Irrigated Land: 890 sq km (2008)
Natural Resources: oil, gas, coal, iron ore, copper, zinc, antimony, chromite, gold, silver, magnesium, pyrite, limestone, marble, salt, arable land
Since the fall of Slobodan Milosevic, Serbia’s economic progress has been substantial, but economic reform and restructuring are continuing challenges for the Serbian Government. Unemployment, a lack of liquidity in the economy, corruption, and labor unrest remain ongoing political and economic problems. The dinar (RSD) has fallen by more than a third against the Euro since the onset of the global financial crisis in 2008, highlighting Serbia’s fragile and structurally weak economy. However, the dinar has stabilized in 2011, settling at around 100 RSD to the Euro.
On August 31, 2011 Serbian authorities and International Monetary Fund (IMF) officials reached an agreement, subject to approval by IMF management and the Executive Board, on a 1 billion Euro (approx. $1.4 billion) “Precautionary” Stand-By Arrangement (SBA) for a period of 18 months. The agreement, which will oblige the Serbian Government to undertake structural reforms in the labor market, property regime, and public enterprises, is conditioned on Serbia adopting both a rebalanced 2011 budget and a law on property restitution. Serbian Government officials have indicated that they do not intend to draw on the financial resources made available under the arrangement unless an external financial shock requires it. Serbia’s last SBA, a $4 billion credit line, expired in April 2011.
Serbia experienced a relatively healthy GDP growth rate in 2008 (5.5%), but the global economic crisis caused Serbia’s GDP to tumble, and growth turned negative (-3%) in 2009. A slow economic recovery commenced in 2010 (with 1% GDP growth), and the IMF projects growth of 2% for 2011. In late 2010, Serbia adopted a new model of economic growth based on increased savings, investment, production in tradable goods, and exports. The model has achieved some success. Exports, for example, rose by 26% in 2010, due in significant measure to the depreciation of the dinar and the incipient recovery of the global economy. Export-led growth continued through 2011, with exports increasing by 30.4% during the January-July 2011 period compared to the same period in 2010.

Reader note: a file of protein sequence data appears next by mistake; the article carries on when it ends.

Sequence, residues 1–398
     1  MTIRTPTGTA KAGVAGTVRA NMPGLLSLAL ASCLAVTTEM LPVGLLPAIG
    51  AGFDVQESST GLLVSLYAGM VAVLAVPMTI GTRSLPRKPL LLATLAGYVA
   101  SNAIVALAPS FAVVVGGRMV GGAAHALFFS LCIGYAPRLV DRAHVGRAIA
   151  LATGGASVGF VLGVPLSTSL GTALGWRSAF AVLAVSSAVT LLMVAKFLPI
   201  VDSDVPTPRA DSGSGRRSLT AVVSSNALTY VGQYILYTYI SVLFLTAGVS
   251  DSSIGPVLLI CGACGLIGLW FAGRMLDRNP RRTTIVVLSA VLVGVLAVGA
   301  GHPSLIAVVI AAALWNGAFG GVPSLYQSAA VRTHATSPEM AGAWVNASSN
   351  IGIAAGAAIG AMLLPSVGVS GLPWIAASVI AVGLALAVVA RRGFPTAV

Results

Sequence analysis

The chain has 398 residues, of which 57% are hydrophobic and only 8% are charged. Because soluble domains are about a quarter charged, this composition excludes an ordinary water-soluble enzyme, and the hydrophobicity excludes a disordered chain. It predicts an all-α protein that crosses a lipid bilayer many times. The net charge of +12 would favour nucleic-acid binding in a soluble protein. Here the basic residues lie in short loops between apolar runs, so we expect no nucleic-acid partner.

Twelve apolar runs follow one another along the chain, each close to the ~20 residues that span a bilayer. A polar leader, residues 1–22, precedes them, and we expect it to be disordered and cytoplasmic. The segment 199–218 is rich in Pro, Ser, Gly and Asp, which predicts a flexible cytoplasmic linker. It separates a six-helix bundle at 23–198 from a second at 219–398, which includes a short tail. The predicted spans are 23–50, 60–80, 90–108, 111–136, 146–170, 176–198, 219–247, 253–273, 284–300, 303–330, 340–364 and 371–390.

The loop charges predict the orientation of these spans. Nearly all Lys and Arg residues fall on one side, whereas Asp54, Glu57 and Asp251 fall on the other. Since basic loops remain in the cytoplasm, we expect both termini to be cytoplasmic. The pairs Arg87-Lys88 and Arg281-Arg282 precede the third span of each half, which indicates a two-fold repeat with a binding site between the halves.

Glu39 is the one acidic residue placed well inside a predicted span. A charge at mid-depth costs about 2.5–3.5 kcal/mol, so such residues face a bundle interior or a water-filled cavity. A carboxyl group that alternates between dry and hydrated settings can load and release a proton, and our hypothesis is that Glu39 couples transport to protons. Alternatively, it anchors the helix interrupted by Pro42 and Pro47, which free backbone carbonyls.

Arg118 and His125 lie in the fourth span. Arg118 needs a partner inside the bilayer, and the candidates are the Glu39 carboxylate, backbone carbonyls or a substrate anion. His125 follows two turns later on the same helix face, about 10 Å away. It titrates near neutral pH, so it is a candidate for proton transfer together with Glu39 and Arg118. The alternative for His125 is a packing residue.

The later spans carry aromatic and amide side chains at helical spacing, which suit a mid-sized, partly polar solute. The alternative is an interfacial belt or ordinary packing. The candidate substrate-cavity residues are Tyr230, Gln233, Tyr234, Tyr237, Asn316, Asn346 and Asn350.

Rising inflation became a concern in the first half of 2011, peaking at 14.7% year-on-year in April. Inflation declined to 10.5% by August but remains significantly above the National Bank of Serbia’s (NBS) 3%-6% target range for this year. Inflation is expected to return to single digits by the end of 2011, but will not likely return to the NBS target band before next year. To combat inflation, the NBS raised its benchmark interest rate several times since the summer of 2010. By March 2011, the NBS benchmark rate stood at 12.25%, the highest in Europe. High interest rates have helped curb rising inflation but also tended to inhibit domestic investment and growth. In mid-2011, the NBS began to ease monetary policy and, as of September 8, 2011, the rate stood at 11.25%.
Growing inflation and official price increases for controlled products and services, such as public transportation, electricity, and natural gas, have compounded the economic difficulties facing Serbian citizens, whose average net incomes (minus taxes, medical insurance, and retirement contributions) have remained stagnant at approximately $540 per month. Poverty levels have risen steadily since the onset of the global financial crisis, reaching approximately 8.8% of the population at the end of 2010. The official unemployment rate stood at 22.2% as of April 2011, and unemployment levels in many provincial cities and among women and minorities exceeds 30%. The IMF’s projected 2% GDP growth rate for 2011 is not sufficiently robust to significantly reduce unemployment this year.
Foreign direct investment (FDI) was relatively strong prior to the global financial crisis ($2.2 billion in 2007 and $2.3 billion in 2008), but fell off in 2009 ($1.9 billion) and has remained at disappointing levels ($1 billion in 2010 and $820 million in January-June 2011). Efforts to attract additional FDI were dealt a setback in March 2011, when a tender to sell a majority stake in the state telecommunications company, Telekom Srbija, failed to attract a minimally acceptable bid. On the other hand, a number of leading foreign investors have recently announced significant expansions of their operations in Serbia.